It's hard to ignore the Ambassador Hotel's giant orange neon lettering on the Milwaukee skyline as one drives in from the west at night. A social fixture since 1928, when affluent people with names like "Pabst" were often seen milling about the lobby, the hotel's history makes it a prime spot for an almost eerily traditional cocktail or two this Halloween.
Over the last ten years, owner Rick Wiegand and his staff have worked to restore the Ambassador to its glory days, all but erased as the surrounding neighborhood fell into decline during the 1980s. In the decades following the hotel's construction, names like Walter Busterkeys—later known as Liberace—and The Beatles would stop by and entertain guests in the lobby, before crashing in one of its guest rooms after performances downtown. But the celebrity most famously associated with the Ambassador has likely been serial killer Jeffrey Dahmer, who murdered his first victim in Milwaukee in his room there before smuggling the body out in a suitcase in the fall of 1987.
Strangely enough, even as the Ambassador has sought to distance its name from that of the notorious cannibal, small connections between the two still seem to emerge. Barry Leach, my server at the hotel's lobby bar—Envoy Lounge—tells me about the two taverns he owned previous to his stint here, starting in 1980: Barry's Water Street Pump and Just Arts Saloon. Both were located in Walker's Point, a now-bustling area of town that Dahmer frequented.
"We were the first popular straight bar in the neighborhood," he tells me about Just Arts, alluding to Walker's Point's history as the gay district in town. "But I started making Old Fashioneds long, long, long ago, bartending for my parents when I was too young to drink, when they'd have card parties and things. The trend now with a lot of these places doing older nostalgic cocktails, is that they're doing it with recipes they make up themselves. The recipes here were here long before I was."
Leach's bar sits in the Ambassador's lobby, across from its restaurant, Envoy, all of which looks and feels like the original incarnation of the Tower of Terror at Disney World. That isn't to say the place feels like climbing onto a Twilight Zone theme park ride, but it definitely seems otherworldly and pulled from the sands of time. Envoy's cozy dining room reeks of elderly sophistication, with all the trappings of your parents' favorite place to grab a celebratory dinner or anniversary, despite the diners who have all come in off the street for lunch (soup, sandwiches, and salads for all). You can smell how old the place is: After passing the scent of grease from the kitchen near the hotel's main entrance, you'll be more inclined to notice buried wood, old paint, and dust in the air.
That kind of dedication to history and preservation commands a certain kind of respect, and Leach isn't one to mess with his city's favorite heritage cocktail. The classic Wisconsin Old Fashioned Leach makes me features a sugar cube soaked in bitters, muddled with a cherry and a slice of orange. The customer picks whiskey or brandy, and their choice of mixer—sour, sweet, seltzer, or a combination.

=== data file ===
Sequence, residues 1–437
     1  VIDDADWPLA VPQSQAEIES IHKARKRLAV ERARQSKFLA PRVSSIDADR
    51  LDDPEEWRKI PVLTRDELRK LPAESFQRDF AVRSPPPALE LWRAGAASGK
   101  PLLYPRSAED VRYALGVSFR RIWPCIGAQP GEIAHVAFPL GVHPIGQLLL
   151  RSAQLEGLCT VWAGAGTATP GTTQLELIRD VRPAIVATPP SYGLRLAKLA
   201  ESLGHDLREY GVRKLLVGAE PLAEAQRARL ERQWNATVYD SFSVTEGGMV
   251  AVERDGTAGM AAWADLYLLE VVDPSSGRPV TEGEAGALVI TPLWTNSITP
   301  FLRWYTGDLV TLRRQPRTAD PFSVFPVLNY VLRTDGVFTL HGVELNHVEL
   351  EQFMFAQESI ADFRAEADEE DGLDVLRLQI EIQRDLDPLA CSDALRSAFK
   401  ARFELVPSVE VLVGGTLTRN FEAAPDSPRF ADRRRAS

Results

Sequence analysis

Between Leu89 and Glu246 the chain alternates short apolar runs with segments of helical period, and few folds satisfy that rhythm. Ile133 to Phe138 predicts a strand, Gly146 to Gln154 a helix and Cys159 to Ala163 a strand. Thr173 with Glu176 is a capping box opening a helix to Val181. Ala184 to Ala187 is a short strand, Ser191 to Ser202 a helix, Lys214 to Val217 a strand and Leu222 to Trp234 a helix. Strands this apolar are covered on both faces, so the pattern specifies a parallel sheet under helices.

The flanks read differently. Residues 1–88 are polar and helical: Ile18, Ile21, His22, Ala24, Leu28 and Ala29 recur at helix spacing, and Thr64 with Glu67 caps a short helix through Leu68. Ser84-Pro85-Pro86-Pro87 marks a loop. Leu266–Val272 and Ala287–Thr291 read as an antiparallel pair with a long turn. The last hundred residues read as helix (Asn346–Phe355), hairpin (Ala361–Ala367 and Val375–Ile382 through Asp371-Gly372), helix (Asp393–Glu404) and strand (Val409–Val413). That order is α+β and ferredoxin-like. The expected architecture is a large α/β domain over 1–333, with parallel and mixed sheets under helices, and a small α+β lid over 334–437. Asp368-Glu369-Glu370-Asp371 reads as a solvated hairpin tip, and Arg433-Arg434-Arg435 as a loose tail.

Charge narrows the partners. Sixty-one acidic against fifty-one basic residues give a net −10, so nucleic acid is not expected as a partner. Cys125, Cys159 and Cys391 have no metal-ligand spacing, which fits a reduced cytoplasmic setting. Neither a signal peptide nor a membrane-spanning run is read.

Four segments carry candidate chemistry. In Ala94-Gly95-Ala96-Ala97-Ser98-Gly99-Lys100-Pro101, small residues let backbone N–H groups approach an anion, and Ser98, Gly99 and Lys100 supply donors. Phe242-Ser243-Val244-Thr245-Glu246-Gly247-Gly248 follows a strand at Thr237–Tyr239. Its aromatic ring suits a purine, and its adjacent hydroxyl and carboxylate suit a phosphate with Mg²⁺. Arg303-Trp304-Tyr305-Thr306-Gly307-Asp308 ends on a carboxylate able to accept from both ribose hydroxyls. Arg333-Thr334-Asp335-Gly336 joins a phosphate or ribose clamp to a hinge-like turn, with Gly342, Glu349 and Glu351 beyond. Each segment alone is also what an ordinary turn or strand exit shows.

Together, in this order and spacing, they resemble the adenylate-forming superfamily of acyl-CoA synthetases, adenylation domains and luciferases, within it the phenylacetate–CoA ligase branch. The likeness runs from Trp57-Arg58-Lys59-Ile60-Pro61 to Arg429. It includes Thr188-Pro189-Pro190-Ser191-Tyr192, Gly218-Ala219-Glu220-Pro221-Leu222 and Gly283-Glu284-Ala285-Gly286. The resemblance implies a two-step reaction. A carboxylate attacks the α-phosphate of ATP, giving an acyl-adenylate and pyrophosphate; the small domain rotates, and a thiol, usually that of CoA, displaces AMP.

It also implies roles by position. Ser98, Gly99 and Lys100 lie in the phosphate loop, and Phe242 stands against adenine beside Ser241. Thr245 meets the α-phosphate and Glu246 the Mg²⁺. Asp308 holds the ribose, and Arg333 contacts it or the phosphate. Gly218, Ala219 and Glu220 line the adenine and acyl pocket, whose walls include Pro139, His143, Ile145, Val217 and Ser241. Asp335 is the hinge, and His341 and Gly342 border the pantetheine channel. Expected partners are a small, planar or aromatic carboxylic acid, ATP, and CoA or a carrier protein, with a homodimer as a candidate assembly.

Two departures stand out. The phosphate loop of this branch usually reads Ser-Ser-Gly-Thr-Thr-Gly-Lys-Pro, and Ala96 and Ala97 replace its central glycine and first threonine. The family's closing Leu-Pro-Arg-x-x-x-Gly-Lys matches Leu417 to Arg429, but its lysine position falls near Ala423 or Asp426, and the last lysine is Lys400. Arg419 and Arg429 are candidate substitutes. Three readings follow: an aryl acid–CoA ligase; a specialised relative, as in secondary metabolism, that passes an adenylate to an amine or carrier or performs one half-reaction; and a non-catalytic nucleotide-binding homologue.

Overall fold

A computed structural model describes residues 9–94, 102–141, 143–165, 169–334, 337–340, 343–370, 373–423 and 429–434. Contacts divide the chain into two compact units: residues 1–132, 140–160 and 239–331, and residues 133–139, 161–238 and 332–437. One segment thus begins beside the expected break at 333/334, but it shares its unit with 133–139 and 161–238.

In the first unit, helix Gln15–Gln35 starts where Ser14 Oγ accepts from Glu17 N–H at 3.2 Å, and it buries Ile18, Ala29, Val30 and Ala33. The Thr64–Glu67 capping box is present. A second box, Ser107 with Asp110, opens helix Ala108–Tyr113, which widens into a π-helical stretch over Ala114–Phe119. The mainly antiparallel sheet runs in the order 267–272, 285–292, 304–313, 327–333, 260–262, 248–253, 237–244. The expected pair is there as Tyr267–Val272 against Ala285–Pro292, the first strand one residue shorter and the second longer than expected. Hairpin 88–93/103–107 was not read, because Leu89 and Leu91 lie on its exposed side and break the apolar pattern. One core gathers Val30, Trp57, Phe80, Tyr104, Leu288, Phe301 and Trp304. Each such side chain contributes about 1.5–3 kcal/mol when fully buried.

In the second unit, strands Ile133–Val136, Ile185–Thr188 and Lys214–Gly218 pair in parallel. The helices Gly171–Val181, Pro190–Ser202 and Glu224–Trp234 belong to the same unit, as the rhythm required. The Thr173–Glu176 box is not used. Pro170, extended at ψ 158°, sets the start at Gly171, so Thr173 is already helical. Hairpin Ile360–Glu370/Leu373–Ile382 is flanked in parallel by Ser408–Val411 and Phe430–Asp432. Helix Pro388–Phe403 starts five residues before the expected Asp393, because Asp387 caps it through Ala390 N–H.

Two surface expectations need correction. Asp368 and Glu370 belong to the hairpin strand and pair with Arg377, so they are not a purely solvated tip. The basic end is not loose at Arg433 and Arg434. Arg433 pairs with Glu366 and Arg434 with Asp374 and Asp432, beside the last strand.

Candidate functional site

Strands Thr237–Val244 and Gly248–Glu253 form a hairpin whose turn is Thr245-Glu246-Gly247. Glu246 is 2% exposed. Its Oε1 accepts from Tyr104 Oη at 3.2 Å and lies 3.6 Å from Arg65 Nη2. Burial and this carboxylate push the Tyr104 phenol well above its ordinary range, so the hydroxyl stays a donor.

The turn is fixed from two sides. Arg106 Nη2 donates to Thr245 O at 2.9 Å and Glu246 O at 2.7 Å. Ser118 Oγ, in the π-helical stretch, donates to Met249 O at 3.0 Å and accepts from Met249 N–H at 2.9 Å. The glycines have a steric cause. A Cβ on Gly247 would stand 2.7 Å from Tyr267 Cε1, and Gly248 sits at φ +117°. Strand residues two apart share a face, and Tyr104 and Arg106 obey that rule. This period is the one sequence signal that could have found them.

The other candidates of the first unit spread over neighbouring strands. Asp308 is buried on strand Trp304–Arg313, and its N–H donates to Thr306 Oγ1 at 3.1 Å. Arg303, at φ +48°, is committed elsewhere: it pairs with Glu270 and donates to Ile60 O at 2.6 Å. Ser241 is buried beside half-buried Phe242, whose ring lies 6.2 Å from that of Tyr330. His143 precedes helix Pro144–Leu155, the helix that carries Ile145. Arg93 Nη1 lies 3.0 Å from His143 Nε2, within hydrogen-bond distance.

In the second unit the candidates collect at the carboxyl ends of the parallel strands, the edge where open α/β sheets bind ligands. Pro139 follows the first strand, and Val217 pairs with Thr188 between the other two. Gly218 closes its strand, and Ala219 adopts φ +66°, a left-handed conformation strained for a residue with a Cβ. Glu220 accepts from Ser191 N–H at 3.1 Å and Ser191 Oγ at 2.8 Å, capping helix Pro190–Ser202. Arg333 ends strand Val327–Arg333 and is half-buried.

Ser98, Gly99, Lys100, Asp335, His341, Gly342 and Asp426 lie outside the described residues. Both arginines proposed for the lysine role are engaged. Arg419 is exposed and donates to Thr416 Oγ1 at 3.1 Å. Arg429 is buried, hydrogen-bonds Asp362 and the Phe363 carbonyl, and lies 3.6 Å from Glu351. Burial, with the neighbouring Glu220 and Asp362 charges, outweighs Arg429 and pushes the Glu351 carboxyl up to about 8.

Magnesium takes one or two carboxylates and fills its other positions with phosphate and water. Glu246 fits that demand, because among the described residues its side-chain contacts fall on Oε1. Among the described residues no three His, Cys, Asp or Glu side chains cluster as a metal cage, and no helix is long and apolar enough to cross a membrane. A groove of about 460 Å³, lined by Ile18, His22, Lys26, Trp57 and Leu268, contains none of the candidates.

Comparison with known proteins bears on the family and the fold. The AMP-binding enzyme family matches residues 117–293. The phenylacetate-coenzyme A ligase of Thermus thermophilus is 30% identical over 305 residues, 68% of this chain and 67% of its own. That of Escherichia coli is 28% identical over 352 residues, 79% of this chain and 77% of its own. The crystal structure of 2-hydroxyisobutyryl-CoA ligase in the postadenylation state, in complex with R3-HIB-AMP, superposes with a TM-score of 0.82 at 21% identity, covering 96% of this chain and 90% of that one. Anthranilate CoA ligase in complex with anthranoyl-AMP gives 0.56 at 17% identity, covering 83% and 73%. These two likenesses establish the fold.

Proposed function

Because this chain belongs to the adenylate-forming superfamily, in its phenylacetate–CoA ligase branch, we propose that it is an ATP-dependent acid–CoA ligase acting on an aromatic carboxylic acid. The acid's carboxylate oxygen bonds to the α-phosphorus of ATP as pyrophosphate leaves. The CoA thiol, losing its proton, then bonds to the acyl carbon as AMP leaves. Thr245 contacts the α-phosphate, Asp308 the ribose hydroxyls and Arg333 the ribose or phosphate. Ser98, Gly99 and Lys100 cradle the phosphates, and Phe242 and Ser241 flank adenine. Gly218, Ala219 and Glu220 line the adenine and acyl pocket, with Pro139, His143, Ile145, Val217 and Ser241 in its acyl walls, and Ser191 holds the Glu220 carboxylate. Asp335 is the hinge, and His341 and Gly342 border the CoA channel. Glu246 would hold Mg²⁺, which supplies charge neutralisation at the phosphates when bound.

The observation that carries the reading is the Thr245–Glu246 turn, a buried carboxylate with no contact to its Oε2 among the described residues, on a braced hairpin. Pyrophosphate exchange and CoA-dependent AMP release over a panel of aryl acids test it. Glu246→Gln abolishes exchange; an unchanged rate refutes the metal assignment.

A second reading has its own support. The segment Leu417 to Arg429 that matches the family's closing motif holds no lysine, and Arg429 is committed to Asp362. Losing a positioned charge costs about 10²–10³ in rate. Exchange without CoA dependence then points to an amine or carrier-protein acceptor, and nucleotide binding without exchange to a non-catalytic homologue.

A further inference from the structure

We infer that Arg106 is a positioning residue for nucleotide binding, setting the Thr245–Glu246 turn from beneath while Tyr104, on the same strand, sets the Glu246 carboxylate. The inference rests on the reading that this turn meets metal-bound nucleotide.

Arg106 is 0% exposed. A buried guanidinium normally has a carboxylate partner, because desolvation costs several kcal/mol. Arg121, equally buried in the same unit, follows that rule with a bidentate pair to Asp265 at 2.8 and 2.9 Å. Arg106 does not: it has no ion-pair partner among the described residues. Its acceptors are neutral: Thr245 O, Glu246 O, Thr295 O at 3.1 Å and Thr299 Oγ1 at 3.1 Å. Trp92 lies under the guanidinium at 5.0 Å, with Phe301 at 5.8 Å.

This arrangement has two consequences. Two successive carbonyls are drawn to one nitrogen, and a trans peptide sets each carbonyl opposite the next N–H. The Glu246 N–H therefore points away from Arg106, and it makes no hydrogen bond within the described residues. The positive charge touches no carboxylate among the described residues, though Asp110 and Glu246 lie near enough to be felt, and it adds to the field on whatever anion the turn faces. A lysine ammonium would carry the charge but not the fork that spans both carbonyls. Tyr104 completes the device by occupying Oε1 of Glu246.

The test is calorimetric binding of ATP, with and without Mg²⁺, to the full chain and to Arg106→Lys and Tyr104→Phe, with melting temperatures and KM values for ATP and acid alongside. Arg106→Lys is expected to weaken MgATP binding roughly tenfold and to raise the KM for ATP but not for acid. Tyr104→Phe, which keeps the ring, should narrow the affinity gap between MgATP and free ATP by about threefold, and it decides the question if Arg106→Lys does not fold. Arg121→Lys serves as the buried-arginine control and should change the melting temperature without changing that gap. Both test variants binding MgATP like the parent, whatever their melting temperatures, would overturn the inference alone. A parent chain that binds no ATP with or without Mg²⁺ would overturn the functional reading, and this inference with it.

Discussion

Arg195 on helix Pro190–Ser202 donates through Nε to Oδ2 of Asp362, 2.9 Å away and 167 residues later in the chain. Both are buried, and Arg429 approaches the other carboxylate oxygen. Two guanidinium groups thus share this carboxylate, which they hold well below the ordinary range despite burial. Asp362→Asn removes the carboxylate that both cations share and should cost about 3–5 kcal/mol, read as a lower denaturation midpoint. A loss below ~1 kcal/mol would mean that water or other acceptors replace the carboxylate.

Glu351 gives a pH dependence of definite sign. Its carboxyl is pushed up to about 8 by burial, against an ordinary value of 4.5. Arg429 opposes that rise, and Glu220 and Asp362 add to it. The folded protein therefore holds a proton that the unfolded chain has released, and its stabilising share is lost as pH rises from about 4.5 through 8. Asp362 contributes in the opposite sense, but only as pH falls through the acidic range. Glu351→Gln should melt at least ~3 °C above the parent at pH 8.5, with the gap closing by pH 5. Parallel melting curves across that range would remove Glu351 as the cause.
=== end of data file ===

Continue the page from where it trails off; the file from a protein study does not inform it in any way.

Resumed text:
"If you look it up in some books, they don't include a mixer with it—it's just the liquor, sugar, bitters, and you dissolve the sugar in the liquor," he continues. "Milwaukee has always added some kind of mix with it. We don't like to have to wait for sugar to dissolve. Mixer means more, faster."
Beyond cocktails, supper club fare like a prime rib special, fish fry, pork chops, and other old-timey Midwestern selections feature prominently in the Ambassador's restaurant. Together with the hotel's restoration, they make a step through its (now-automatic, sliding) doors like walking into a portrait of Milwaukee's golden era, when the Miller, Pabst, and Schlitz breweries defined Milwaukee's image.
The hotel's two eras stand in stark contrast to one another, especially since sitting in the lobby bar with Leach, it's hard to see the place as anything short of a shining landmark. The Ambassador's marble floor is original, restored from its pre-Prohibition construction, along with the crown molding, sconces, and elevator doors. Much of its original drink menu remains intact, and even features its original prices during happy hour: $.25 for a Gin Fizz or a Tom Collins, $.35 for a Stinger.
But that history, coupled with the ghost of one of the country's most famous murderers in its walls, lends the Ambassador a kind of Kubrickian eeriness, and makes one wonder whether each new patron pulling a chair up at the bar is a ghost or a living person. The building also sits across from The Rave, one of Milwaukee's most popular live music venues: a stone complex of ballrooms and abandoned chambers, including a giant empty swimming pool in its basement, long rumored to be haunted.
And the mystery surrounding the Ambassador's existence early on only adds to its pallored history.
"Most of what we know about the hotel's early days has come from word-of-mouth," says Amy Schneider, the Ambassador's assistant general manager. "We wouldn't know as much as we do if people hadn't stopped by with stories and photos."
Those memories of the Ambassador's glory days, however, have only fueled its owners' commitment to the neighborhood that surrounds it.
"Our owner is a Marquette grad," Schneider adds, referring to Milwaukee's Jesuit university just a few blocks east of the hotel. "And he fell in love with the neighborhood as a student. His entire livelihood is wrapped up in its success—in several apartment buildings and other properties in the area."
That makes the Ambassador more of a growing pillar in Milwaukee's rebound than a creepy venue for costumed drinking this Halloween. Come for the cocktails, stay for dinner, watch for the glamorous undead on October 31, and come back knowing your choice is fueling the rebirth of the city's heyday.